Sheriff John Taylor

Sheriff John Taylor

End of Watch: Tuesday, November 11, 1856

Biographical Info
Tour of Duty: 4 years
Badge Number: Not available

Incident Details
Cause of Death: Gunfire
Date of Incident: Tuesday, November 11, 1856
Weapon Used: Handgun; Pistol
Suspect Info: Executed in 1857

Tuesday, November 11, 1856, John F. Taylor, sheriff of Winnebago County, was instantly killed by Alfred Countryman. On that day Alfred and John Countryman came to Rockford from Ogle County with some cattle, which they offered for sale at such low prices as to arouse suspicion. The cattle were sold for a sum below their market value.

The purchasers delayed payment until notice had been given the sheriff, and papers made out for the apprehension of the brothers which occurred about nine o’ clock in the morning. They were then arrested on suspicion; and before they were taken to jail Sheriff Taylor searched them for concealed weapons. He found pistol balls in Alfred’s pockets, and upon inquiring for his revolver the prisoner replied that he had none. Sheriff Taylor, assisted by Constable Thompson, then started with the prisoners for the jail. Just as they reached the steps Alfred Countryman broke away from the sheriff, leaped over the fence on Elm Street, and ran down that street, with the sheriff in pursuit. At the next corner, near the livery stable of Hall & Reynolds, the sheriff has nearly overtaken Countryman, and was about to seize him, when the latter drew a pistol which he had concealed, and fired. The sheriff staggered a few paces and fell. His only words were: “I’m shot; catch him”.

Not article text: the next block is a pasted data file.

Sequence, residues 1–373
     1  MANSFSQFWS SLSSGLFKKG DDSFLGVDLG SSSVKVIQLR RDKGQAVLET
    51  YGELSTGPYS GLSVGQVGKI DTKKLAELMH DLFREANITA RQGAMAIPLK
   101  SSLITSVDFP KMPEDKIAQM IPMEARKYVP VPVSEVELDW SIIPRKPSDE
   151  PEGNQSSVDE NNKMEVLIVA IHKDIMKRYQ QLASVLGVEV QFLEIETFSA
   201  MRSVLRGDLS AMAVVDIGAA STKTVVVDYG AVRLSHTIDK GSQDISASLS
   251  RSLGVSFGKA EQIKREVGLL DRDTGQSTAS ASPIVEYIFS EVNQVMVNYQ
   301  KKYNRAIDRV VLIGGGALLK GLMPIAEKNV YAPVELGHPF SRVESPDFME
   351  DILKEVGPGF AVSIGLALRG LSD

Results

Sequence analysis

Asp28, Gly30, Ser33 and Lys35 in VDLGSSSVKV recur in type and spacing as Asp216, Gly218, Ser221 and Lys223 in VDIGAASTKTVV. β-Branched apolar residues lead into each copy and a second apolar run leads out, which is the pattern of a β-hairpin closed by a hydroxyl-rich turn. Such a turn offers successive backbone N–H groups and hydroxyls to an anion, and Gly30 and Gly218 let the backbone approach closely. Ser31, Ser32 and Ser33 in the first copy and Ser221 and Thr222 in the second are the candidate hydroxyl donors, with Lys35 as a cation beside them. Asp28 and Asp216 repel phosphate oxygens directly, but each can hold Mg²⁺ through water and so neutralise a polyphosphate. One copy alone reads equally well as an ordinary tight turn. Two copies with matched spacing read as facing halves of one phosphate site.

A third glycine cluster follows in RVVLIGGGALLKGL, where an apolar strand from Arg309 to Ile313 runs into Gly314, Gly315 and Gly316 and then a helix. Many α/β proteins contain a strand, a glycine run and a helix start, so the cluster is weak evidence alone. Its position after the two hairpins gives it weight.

Countryman ran to the woods north of Kent’s Creek, with hundreds of infuriated citizens in pursuit. John Platt was the first to overtake him. He took his pistol from him, and, with assistance, secured his arrest. Amid threats of lynching, the prisoner was placed in jail and securely ironed. Samuel I. Church, the sheriff-elect, briefly addressed the crowd and assured them that the prisoner was secure.

Sheriff Taylor was thirty-one years on age, and left a wife, and a son a year and a half old. He was an excellent officer, and was held in high respect by the community. The funeral was held Thursday on the public square adjoining the jail, under the charge of the Masonic fraternity. The board of supervisors were in attendance in a body. The discourse was preached by Rev. W.F. Stewart.

---from Past and Present of City of Rockford and Winnebago County Illinois, Charles A Church and H.H. Waldo, 1905

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